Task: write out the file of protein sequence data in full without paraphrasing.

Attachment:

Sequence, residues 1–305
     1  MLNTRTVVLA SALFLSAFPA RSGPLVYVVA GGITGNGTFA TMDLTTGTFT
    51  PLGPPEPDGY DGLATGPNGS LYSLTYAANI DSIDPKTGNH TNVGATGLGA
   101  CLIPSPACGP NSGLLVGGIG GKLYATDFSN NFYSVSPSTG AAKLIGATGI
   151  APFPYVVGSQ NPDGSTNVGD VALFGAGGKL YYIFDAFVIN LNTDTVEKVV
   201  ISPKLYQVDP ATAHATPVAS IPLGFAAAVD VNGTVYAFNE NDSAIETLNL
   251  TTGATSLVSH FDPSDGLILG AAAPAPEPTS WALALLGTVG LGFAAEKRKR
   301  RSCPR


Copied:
Sequence, residues 1–305
     1  MLNTRTVVLA SALFLSAFPA RSGPLVYVVA GGITGNGTFA TMDLTTGTFT
    51  PLGPPEPDGY DGLATGPNGS LYSLTYAANI DSIDPKTGNH TNVGATGLGA
   101  CLIPSPACGP NSGLLVGGIG GKLYATDFSN NFYSVSPSTG AAKLIGATGI
   151  APFPYVVGSQ NPDGSTNVGD VALFGAGGKL YYIFDAFVIN LNTDTVEKVV
   201  ISPKLYQVDP ATAHATPVAS IPLGFAAAVD VNGTVYAFNE NDSAIETLNL
   251  TTGATSLVSH FDPSDGLILG AAAPAPEPTS WALALLGTVG LGFAAEKRKR
   301  RSCPR